A Long History of Innovation

 

The brick building at 14 on 4th Street SW has always housed entrepreneurs. Bringing everything from cameras, to toilets, to entertainment to the space, these risk-takers have left their mark. Now it's time for new ideas to grow within these walls.

 
 

1900 - 1909

Rochester Woolen Manufacturing & Conley Camera Company

All the way back in June of 1899, a businessman by the name of Henry Terry migrated into Rochester and purchased the town’s woolen mill, which previously made blankets for St. Mary’s hospital.  He wanted to transform the building into a new clothing factory.  In December 1899, Rochester Woolen Manufacturing Company was incorporated.  The new clothing factory was built by Martin Heffron at 14 College Street, modern day 4th Street SW, for a total of $7898.  The clothing factory opened on August 6, 1900.  Rochester Woolen Manufacturing Company was very successful for a length of time and promoted six different grades of trousers, until the company eventually went bankrupt.

After the exit of Rochester Woolen Manufacturing Company from 14 College Street came what could be considered Rochester’s first tech company, Conley Camera.  The company was founded by brothers Kerry and Frederick Conley in 1899 in Spring Valley, Minnesota.  The brothers manufactured handcrafted mahogany, cherry, plus nickel-plated cameras and parts in the back of their jewelry store.  Conley Cameras were fierce competitors to Eastman Kodak Cameras, which was, ironically, headquartered in Rochester, New York.  In 1903, Conley Camera was contracted by Sears, Roebuck to manufacture all of their cameras.  The brothers moved their operation to Rochester, Minnesota in June 1904 and set up shop at 14 College Street.  Within six months of translocation to Rochester, Conley Camera had more than doubled their number of employees and tripled their output.  Within three years, they had up to 165 employees and regularly supplied cameras to both Sears and Mayo Clinic.  Conley even developed specialty cameras for Mayo Clinic research and clinical applications.  Conley Camera was so successful that they eventually outgrew the building.

 

1910 - 1955

MAASS AND MCANDREWS: PLUMBING & ASEPTIC TECHNIQUES 

The next tenants of the building, Maass and McAndrews, began as a small plumbing and mechanical contracting operation in Rochester in 1900.  Founders of the company, Ernest Maass and Richard McAndrew, were former coworkers at St. Mary’s Hospital.  They purchased the old Conley Camera factory and decided to give the building a makeover.  Garfield Schwartz was hired on to add what is now the storefront windows and doors for the east and west sides of the ground level.  The first floor was converted into a showroom for a relatively new invention in town, called toilets.  Maass and McAndrews was actually the only plumbing outfit in Rochester.  The company developed strong ties with Mayo Clinic.  They made lasting contributions to what is now standard aseptic technique, crafting foot and elbow operated surgical sinks and other sterilization equipment.  Maass and McAndrews also developed tools for Mayo Clinic clinicians and researchers, including x-ray and pathology equipment, surgical siphons, and metal furniture.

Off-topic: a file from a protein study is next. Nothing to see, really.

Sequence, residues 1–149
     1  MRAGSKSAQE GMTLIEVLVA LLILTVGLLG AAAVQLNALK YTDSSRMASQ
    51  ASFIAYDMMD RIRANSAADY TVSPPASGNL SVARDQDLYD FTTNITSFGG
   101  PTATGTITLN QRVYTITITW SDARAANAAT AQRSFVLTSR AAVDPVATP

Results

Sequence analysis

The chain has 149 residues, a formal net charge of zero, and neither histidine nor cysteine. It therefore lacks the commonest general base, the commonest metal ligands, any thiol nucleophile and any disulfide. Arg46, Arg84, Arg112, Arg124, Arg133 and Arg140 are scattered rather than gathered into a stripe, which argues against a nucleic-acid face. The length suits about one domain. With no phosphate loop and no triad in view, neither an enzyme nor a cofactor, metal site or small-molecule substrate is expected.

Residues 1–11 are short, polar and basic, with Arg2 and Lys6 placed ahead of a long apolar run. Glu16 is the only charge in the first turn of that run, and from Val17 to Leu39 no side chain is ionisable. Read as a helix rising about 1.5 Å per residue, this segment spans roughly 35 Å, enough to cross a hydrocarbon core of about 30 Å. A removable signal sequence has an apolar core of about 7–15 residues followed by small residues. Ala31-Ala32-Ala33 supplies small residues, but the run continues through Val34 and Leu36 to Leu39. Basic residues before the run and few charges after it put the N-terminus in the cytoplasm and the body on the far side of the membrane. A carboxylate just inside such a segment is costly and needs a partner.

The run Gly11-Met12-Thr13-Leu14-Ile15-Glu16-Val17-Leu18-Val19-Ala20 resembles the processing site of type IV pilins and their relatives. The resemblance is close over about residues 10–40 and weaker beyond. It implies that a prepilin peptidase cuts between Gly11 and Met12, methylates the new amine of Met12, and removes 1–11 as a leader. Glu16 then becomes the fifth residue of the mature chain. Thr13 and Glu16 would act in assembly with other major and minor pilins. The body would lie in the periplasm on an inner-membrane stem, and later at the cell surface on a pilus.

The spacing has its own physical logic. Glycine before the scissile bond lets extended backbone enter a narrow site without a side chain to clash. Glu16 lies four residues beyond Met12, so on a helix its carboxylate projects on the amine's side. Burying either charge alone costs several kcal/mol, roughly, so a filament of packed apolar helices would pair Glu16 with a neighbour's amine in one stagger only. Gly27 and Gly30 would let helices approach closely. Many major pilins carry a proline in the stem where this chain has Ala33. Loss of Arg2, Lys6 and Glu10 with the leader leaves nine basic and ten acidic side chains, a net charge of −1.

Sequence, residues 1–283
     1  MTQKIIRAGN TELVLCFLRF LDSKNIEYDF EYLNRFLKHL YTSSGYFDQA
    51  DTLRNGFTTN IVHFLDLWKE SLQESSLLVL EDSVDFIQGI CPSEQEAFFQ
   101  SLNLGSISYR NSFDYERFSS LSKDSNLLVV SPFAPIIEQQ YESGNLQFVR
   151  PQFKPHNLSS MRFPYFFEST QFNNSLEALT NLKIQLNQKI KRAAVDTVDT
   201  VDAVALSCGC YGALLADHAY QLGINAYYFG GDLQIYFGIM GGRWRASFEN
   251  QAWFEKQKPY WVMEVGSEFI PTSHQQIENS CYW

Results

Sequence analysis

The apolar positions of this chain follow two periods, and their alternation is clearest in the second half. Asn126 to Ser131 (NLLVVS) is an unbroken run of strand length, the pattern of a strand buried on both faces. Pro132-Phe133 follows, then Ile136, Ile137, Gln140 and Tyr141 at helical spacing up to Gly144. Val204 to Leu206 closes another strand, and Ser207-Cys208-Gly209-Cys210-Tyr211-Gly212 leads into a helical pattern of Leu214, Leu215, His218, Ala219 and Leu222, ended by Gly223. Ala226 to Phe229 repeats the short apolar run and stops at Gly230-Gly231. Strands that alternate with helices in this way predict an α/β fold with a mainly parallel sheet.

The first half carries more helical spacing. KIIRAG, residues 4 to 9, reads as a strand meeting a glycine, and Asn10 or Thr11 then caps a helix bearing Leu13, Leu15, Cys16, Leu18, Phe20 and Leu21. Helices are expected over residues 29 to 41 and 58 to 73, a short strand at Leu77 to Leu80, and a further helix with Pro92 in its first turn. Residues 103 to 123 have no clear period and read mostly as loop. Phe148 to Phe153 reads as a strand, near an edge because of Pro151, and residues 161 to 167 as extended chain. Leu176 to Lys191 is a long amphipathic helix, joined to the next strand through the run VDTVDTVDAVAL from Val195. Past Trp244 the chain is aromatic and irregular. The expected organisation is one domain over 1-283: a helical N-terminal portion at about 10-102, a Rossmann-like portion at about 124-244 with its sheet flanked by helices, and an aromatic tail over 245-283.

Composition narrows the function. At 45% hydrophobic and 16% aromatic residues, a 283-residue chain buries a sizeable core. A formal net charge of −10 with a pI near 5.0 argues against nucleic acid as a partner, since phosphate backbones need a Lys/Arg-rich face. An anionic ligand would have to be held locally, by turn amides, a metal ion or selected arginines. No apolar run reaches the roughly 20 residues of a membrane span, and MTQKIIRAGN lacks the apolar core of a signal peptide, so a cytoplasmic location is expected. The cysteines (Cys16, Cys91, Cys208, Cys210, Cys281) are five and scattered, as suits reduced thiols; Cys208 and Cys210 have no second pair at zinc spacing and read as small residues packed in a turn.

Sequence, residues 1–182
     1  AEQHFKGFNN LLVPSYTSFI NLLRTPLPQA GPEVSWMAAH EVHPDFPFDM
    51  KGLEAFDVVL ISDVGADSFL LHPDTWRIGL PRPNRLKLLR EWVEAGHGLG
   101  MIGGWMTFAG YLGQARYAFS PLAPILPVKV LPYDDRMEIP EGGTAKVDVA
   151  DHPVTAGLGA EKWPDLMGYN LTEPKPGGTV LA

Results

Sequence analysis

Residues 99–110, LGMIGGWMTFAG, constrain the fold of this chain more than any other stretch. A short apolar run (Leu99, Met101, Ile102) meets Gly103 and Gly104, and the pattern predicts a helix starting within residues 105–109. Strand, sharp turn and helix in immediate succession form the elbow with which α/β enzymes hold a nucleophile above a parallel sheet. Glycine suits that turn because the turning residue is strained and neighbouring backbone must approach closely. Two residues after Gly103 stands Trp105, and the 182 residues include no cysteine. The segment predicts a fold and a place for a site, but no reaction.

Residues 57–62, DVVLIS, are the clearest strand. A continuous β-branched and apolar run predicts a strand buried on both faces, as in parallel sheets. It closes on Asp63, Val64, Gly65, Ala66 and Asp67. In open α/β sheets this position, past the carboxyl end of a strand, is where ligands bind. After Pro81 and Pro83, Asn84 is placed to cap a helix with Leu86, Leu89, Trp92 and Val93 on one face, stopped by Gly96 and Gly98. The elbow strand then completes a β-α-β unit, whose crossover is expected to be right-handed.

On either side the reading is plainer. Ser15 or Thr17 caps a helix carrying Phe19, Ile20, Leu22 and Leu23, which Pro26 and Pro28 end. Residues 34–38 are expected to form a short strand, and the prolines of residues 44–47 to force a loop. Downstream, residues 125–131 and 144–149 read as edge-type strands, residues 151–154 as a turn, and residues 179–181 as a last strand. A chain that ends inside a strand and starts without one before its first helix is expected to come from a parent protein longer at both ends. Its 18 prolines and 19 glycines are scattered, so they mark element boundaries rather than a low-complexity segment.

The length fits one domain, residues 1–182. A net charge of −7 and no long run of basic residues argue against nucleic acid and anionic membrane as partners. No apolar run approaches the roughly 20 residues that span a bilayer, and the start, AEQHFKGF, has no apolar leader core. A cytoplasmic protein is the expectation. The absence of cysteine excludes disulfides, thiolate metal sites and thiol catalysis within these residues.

1935 - 2014

Liquor, VFW, Ballet, Theater, & More

After Maass and McAndrew, a series of tenants entered and exited the building for close to 80 years.  This included: Bob’s Liquor Store (1935-1955), City Loan and Finance (1956-1972), Troy’s Billiard Supply (1975-1985), Waters Conley (1957-1958), Salvation Army Thrift Store (1960-1971), Reichert’s Appliance (1972-1989), the Fraternal Order of Eagles (1938-1949), the VFW (1949-1959), and Moose Lodge (1968-1981).

The Rochester Ballet School taught lessons on the second floor from 1985 through 1996.  Two theater groups operated out of the first floor.  First came the Masque Theatre from 2000 to 2009.  Founded by Sylvia Langworthy in 1987, Masque Theatre offered students a space to be creative.  The operation was forced to shut down when they were no longer able to raise enough funds.  Words Players Theatre moved into the space shortly afterwards until finances did not allow continuation.

 

2016 - ONWARD

Area 10, BLEU DUCK, BrandHoot, & Collider 

The building, then 14 on 4th Street SW, was purchased by Hunter and Traci Downs in January 2016 and added to the National Register of Historic Places.  The building was restored by local architecture and design firm 9.SQUARE and Benike Construction.

Bleu Duck Kitchen currently operates in the front half of the first floor and has event space in the rear portion of the floor, and brings innovative, fresh culinary ideas to the space.  The second floor houses expanding, entrepreneur-led businesses BrandHoot and Area 10 Labs plus the co-working and business incubator, Collider. Learn more about today's innovators here.